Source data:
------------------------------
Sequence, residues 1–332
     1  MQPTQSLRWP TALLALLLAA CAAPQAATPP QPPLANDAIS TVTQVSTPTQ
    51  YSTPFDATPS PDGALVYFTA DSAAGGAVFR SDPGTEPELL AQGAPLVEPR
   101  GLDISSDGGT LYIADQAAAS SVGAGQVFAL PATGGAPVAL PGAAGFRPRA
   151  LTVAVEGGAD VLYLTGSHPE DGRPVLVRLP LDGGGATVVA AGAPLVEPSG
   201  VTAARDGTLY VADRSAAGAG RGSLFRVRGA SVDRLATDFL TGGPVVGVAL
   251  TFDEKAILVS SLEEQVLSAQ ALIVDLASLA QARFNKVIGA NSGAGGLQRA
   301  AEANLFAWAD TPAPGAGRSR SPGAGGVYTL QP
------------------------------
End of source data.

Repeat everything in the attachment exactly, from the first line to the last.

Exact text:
Sequence, residues 1–332
     1  MQPTQSLRWP TALLALLLAA CAAPQAATPP QPPLANDAIS TVTQVSTPTQ
    51  YSTPFDATPS PDGALVYFTA DSAAGGAVFR SDPGTEPELL AQGAPLVEPR
   101  GLDISSDGGT LYIADQAAAS SVGAGQVFAL PATGGAPVAL PGAAGFRPRA
   151  LTVAVEGGAD VLYLTGSHPE DGRPVLVRLP LDGGGATVVA AGAPLVEPSG
   201  VTAARDGTLY VADRSAAGAG RGSLFRVRGA SVDRLATDFL TGGPVVGVAL
   251  TFDEKAILVS SLEEQVLSAQ ALIVDLASLA QARFNKVIGA NSGAGGLQRA
   301  AEANLFAWAD TPAPGAGRSR SPGAGGVYTL QP